TUNIS — Exhausted by sad political literalism, I passed into Tunisia for the 5th edition of Lina Lazaar’s Jaou Tunis contemporary art festival feeling jinxed, as jingoist Donald Trump’s Muslim travel ban had been approved by the stolen Supreme Court that very day. I was a dispirited, appalled American entering North Africa, where I should have received an evil eye. Much of the art I encountered here thrives on this subtle irony. Instead of being rejected, I was kindly received for the five-day contemporary art festival, which brought together art lovers, journalists, gallerists, academics, and collectors from Tunisia and beyond.
Featuring 40 artists, many of them North African, Jaou Tunis 2018 seeks to explore the definition of “heritage” in post-revolution Tunisia. (The Jaou organization was founded in 2013 by Ms. Lazaar, who is the vice president of the non-profit Kamel Lazaar Foundation.) From today’s perspective, the Arab Spring that initially sprung from the Tunisian Revolution — sparked by the self-immolation of Mohamed Bouazizi on December 17, 2010 — seems rather distant, and the art world dialogues of the time seem characterized by exaggerated hopes for cultural progress. This year’s Jaou Tunis touches on the parallel arches of aggrandized-to-dashed aspirations that mark the history of European modernism and American pop art, as those western art movements ran out their course.
The festival has a regional focus on sunny jaou (fun), with “Silence” and the four elements of cosmological magic — Air, Fire, Water, and Earth — as its stated themes. This five-cornered gesture is a post-revolution symbolic return to un-trampled, transcendent Mother Nature. But Jaou Tunis 2018 doesn’t claim art is innocent — only that, when kept as an inner shrine to enchantment and intimacy, it is worth protecting and sharing.
The merits of silence were first touchingly addressed by “l’Orchestre Symbolique” (Symbolic Orchestra) with a theatrical performance called “Symphonie des silences” (Silent Symphony). Directed by Tunisian actor Bahram Aloui, “Symphonie des silences” featured the mime-like silent movements of deaf actors, including Omnia Ben Slimen, Ziyede Cherni, Siwar El Bahrouni, Emna Ghariani, Takwa Mechergui, Raouf Messai, and Mohamed Ouni. The historic venue — the Ancienne Bourse du Travail building, an old labor exchange and site of political organizing — contains two murals by the Tunisian modernist painter Hatem El Mekki. Particularly moving at the start, the performance ran overly long, dulling its impact.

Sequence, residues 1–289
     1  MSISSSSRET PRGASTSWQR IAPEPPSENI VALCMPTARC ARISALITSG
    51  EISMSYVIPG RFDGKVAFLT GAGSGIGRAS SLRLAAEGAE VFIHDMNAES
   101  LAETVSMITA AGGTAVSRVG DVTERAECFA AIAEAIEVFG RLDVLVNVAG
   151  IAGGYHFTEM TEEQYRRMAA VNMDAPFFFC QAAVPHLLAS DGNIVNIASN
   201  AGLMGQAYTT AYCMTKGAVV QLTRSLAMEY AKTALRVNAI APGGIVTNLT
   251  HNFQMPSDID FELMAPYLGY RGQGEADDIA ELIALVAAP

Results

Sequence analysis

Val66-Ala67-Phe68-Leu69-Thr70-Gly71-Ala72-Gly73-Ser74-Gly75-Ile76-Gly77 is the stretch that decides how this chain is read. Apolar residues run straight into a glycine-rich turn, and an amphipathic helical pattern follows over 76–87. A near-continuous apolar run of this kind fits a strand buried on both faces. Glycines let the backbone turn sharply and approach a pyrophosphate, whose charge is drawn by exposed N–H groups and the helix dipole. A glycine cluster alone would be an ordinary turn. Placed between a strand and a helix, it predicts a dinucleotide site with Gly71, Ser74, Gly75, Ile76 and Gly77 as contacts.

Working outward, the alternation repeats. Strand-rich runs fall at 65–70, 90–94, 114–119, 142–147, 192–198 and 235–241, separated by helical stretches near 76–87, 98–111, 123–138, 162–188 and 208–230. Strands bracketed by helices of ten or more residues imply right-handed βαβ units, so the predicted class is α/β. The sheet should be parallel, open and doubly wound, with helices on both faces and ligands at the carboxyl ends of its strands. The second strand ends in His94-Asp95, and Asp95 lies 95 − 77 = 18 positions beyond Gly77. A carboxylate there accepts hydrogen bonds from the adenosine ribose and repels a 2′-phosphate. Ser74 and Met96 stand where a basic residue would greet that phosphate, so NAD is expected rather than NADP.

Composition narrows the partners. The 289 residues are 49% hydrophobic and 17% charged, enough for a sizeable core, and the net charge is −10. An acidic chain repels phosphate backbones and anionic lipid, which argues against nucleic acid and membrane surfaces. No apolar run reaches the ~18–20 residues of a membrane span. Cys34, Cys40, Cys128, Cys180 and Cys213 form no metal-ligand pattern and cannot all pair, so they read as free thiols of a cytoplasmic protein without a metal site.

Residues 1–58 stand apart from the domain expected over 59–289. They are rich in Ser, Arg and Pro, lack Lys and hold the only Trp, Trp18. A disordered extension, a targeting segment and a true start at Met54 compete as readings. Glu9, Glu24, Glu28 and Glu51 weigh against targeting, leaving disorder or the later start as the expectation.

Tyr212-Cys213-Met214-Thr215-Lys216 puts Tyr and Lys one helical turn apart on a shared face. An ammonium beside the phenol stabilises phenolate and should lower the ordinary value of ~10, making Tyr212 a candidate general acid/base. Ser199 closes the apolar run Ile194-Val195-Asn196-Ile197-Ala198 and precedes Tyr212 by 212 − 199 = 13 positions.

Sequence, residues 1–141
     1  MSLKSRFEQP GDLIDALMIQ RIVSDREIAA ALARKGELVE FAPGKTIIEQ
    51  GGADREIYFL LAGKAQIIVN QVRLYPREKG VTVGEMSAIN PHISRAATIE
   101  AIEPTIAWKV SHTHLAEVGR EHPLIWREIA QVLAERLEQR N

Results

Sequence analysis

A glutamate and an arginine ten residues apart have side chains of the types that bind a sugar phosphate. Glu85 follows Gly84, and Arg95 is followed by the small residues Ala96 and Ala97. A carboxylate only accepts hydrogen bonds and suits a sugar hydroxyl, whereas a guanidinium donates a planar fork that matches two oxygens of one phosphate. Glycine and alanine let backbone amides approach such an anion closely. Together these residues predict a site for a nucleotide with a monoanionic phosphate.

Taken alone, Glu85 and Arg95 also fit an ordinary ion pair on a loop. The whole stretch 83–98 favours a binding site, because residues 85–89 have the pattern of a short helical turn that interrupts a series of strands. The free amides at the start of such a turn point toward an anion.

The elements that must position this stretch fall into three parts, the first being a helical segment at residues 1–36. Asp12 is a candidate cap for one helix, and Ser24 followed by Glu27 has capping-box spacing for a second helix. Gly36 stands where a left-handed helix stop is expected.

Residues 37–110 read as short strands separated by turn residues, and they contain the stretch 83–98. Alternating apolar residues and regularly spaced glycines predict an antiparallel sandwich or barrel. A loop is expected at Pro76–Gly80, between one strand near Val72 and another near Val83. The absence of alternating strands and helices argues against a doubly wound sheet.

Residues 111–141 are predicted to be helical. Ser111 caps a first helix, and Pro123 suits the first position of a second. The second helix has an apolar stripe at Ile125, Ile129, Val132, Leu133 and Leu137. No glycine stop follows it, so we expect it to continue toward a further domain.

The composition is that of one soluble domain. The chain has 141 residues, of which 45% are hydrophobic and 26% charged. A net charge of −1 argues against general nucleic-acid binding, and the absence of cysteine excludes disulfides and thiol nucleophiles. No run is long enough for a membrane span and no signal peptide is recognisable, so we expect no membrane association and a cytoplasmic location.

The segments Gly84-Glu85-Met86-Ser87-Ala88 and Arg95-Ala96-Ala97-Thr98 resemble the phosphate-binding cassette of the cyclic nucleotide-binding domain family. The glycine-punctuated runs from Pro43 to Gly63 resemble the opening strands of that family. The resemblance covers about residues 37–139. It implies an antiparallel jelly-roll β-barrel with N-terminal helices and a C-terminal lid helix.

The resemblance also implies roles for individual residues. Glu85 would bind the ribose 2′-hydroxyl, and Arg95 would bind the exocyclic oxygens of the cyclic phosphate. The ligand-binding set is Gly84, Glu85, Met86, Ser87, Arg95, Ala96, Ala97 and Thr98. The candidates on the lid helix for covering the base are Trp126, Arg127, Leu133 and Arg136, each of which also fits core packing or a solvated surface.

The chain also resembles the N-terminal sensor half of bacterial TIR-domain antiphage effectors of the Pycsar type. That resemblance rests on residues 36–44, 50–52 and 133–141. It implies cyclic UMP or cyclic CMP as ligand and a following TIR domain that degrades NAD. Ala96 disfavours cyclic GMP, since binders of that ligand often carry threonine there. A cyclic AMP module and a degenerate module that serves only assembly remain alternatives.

Just outside, I dug the Stambeli sounds of musician Mohamed Khachnaoui’s group, Dendri Stambeli Movement. A genre of healing trance music created by the descendants of sub-Saharan slaves brought to Tunisia during the eighteenth and nineteenth centuries, Stambeli features the traditional North African instruments dabdabou, gombri, gambra, and chkacha. Khachnaoui’s version mixed in western piano, drums, bass, and electric guitar.
The silence thus broken, four Tunisian women co-curators — Myriam Ben Saleh, Amel Ben Attia, Khadija Hamdi-Soussi, and Aziza Harmel — deftly handled the visual art, presented in four pavilions named for the four elements. These exhibitions were all situated in aged, raw spaces of Tunisian heritage. The presentation reminded me of the golden age of post-punk art in the New York City downtown scene of the 1970s and early ’80s, where scuzzy art shows made themselves comfortable within architectural decay: for example, Collaborative Projects’ seminal The Times Square Show, at an abandoned massage sex parlor in Times Square; The Real Estate Show, on the Lower East Side, which led to ABC No Rio; and, of course, Alanna Heiss’s MoMA PS1.
Adventurous Tunisians come to contemporary art not only to have fun, but also to flirt with non-theist ideas and become, in spirit, ever more emancipated. And there is much emancipatory cultural work to be done in Tunisia, as consensual same-sex activity is still a crime there. Appalling! But beyond this particular form of backwardness, other social work is being done in the cultural domain, and the Kamel Lazaar Foundation’s Jaou project is playing a large part.
In 2015, in an effort to reflect on the possibilities of secular Islam in Tunisia, Jaou staged an ambitious exhibition, called All the World’s a Mosque, in Carthage, near the El Abidin Mosque. The Foundation created a mosque/museum out of 22 shipping containers, in which they presented the work of 22 artists from across the Arab-Muslim world.
For the opening, which included a female-led call to prayer, a large group of Islamic fundamentalists had initially prepared to attack the site with clubs, but were assuaged when a local grand Imam blessed the site at the last minute.
Last year’s 4th edition of Jaou Tunis, also focused on a hot, knotty topic: A Nation of Migration. But this year’s back-to-basics theme looks to the past — all the way to Greek philosopher Empedocles and his cosmogenic theory of the four elements as the root of all matter.
Indeed, Jaou Tunis 2018 seems eager to ferret out the enormity of current ill situations by going elemental. It reminds us that the magic of art remains fully alive only when we set ourselves immeasurable goals for it. We artists are magnificent at making humongous futile gestures. No problem.